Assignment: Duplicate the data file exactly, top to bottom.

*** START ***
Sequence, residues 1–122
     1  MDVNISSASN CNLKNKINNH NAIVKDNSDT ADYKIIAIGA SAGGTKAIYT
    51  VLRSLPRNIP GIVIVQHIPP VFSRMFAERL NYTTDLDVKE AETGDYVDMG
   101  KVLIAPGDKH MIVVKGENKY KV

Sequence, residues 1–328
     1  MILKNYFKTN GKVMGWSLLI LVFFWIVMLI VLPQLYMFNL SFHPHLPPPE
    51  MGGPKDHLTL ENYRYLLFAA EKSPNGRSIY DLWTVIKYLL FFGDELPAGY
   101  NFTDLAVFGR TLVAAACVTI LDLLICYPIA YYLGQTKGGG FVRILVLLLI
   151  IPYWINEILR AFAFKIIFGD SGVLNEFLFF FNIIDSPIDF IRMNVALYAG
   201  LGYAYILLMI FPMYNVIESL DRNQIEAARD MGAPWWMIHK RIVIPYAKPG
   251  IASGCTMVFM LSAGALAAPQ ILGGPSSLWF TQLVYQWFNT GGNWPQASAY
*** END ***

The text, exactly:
Sequence, residues 1–122
     1  MDVNISSASN CNLKNKINNH NAIVKDNSDT ADYKIIAIGA SAGGTKAIYT
    51  VLRSLPRNIP GIVIVQHIPP VFSRMFAERL NYTTDLDVKE AETGDYVDMG
   101  KVLIAPGDKH MIVVKGENKY KV

Sequence, residues 1–328
     1  MILKNYFKTN GKVMGWSLLI LVFFWIVMLI VLPQLYMFNL SFHPHLPPPE
    51  MGGPKDHLTL ENYRYLLFAA EKSPNGRSIY DLWTVIKYLL FFGDELPAGY
   101  NFTDLAVFGR TLVAAACVTI LDLLICYPIA YYLGQTKGGG FVRILVLLLI
   151  IPYWINEILR AFAFKIIFGD SGVLNEFLFF FNIIDSPIDF IRMNVALYAG
   201  LGYAYILLMI FPMYNVIESL DRNQIEAARD MGAPWWMIHK RIVIPYAKPG
   251  IASGCTMVFM LSAGALAAPQ ILGGPSSLWF TQLVYQWFNT GGNWPQASAY